Congressmen Join Forces for a Historic Marijuana Legalization Panel in San Francisco

   

Congressmen Earl Blumenauer (D-OR) and Dana Rohrabacher (R-CA) certainly don’t see eye-to-eye on every issue, but marijuana legalization is one topic that brings them together. Representative Rohrabacher, a conservative with a libertarian bent, represents Republican Orange County, while Rep. Blumenauer’s constituents hail from progressive Portland, a city that George Bush once deemed “Little Beirut.” The two popular officials (both win re-election by large margins) are joining forces to support marijuana legalization at the International Cannabis Business Conference in San Francisco.

This historic event, which includes a keynote address from former Surgeon General Joycelyn Elders, is being held at the Hyatt Regency over Valentine’s Day on February 13-14. I, along with many of us here at Marijuana Politics, are proud to help organize the ICBC.

Too often, our national political system is gridlocked as our two major parties find it very difficult to work together. The hyper-partisanship that exists puts even the most common sense solutions out of our reach as it seems that neither party wants to pass any bill that will allow the other party to declare a victory.

As marijuana law reform passes across the nation, more and more elected officials are finally seeing that sensible cannabis law reforms are a bipartisan issue. Conservatives, moderates and liberals can come together to support personal freedom, social justice and economic opportunities by ending cannabis prohibition. Republicans like tax cuts and often follow the lead of anti-tax activist Grover Norquist. Well, Grover Norquist supports 280E tax reform, a move that will allow state-regulated cannabis businesses to deduct expenses just as any other business. Everyone supports safer neighborhoods, and denying banking options for state-licensed marijuana businesses puts innocent people at risk across the nation (not to mention cash-only businesses make tax evasion easier).

Two mainstream members of Congress joining forces for a panel on marijuana legalization is truly an important day for reform. As California looks to legalize marijuana for all adults this November and several more states improve their marijuana laws this year, the work of Congressmen Rohrabacher and Blumenauer on the issue is simply invaluable. Both of these great public servants should be commended and I hope a ton of people join them at the ICBC to help learn about the important work being done both locally and federally and how we can all best work together to finally end the failed and harmful policy of cannabis prohibition.

Tickets for the ICBC are still available, but hurry before they sell out. Discounted hotel rooms at the Hyatt end this Tuesday. 

The full press release issued by Congressman Dana Rohrabacher about this historic event:

PRESS RELEASE

FOR IMMEDIATE RELEASE

Contact: Ken Grubbs, 202.225.0145

January 27, 2016

For Immediate Release — Wednesday January 27th

To set up interviews with Blumenauer, call Nicole L’Esperance at 202-225-4811 or email nicole.lesperance@mail.house.gov.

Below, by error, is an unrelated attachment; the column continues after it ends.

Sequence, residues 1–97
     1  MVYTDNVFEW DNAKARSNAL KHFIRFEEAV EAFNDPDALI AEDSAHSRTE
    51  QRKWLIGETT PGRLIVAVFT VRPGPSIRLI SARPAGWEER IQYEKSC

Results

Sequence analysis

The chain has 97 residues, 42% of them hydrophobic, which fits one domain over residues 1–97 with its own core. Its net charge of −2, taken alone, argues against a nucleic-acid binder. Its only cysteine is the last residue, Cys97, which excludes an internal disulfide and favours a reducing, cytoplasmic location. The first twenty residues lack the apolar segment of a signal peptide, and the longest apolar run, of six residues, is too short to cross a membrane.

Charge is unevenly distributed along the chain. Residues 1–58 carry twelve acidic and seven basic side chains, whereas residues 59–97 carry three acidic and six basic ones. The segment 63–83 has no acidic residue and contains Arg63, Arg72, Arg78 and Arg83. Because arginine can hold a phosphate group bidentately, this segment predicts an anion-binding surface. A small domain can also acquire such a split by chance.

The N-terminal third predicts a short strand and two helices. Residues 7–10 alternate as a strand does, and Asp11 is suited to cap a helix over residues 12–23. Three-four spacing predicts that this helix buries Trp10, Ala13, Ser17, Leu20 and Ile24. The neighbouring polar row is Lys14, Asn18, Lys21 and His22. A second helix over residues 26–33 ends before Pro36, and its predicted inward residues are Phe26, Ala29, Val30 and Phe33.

To set up interviews with Rohrabacher, call Ken Grubbs at 202-225-2415

Republican, Democratic congressmen team up for marijuana legalization

WASHINGTON — Two U.S. congressmen — a conservative Republican and a progressive Democrat — are teaming up in California to advocate marijuana legalization.

Rep. Dana Rohrabacher, R-CA, and Rep. Earl Blumenauer, D-OR, will share the stage at the International Cannabis Business Conference in San Francisco Feb. 13-14.

Rohrabacher will discuss his battle to stop the federal government continuing to shut down California dispensaries.

“I co-authored the Rohrabacher-Farr Amendment to stop overzealous federal weed warriors from raiding law-abiding medical marijuana shops,” he said, “but we can’t stop there.”

Blumenauer intends to tell the crowd that full legalization has been successful in his state of Oregon and that California stands to benefit from an overhaul of the state’s pot laws.

“In Oregon, fewer people are being arrested for minor marijuana offenses, tax money is being collected, and police are more focused on stopping violent criminals,” Blumenauer said. “California can have that, too. Legalization works.”

Although none of the various legalization measures vying for California’s November ballot have qualified yet, Blumenauer said it’s important for advocacy champions, law enforcement, and citizens to join the conversation about a more sensible approach to marijuana laws. Marijuana arrests in California havefallen in recent years, but thousands of people still face penalties for possession.

“Lives are still being ruined by the war on marijuana, even as individual states blaze the trail by regulating and legalizing,” Blumenauer said. “California has the largest population in the country, and passing reform here will accelerate the national movement.”

Both congressmen are longtime champions of marijuana reform and have been advocating change in federal marijuana laws for more than 30 years.

“We’re lucky they are on our side and thrilled to have them at the conference,” said International Cannabis Business Conference producer Alex Rogers.

California has a $1.3 billion marijuana market, the largest in the U.S., and legal marijuana is the fastest growing industry in the country, according to The ArcView Group, a cannabis industry investment and research firm. Newly-passed medical regulations are transforming the state’s industry, and San Francisco has begun crafting recreational rules in anticipation of full legalization.

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Anthony Johnson

Anthony, a longtime cannabis law reform advocate, was Chief Petitioner and co-author of Measure 91, Oregon’s ca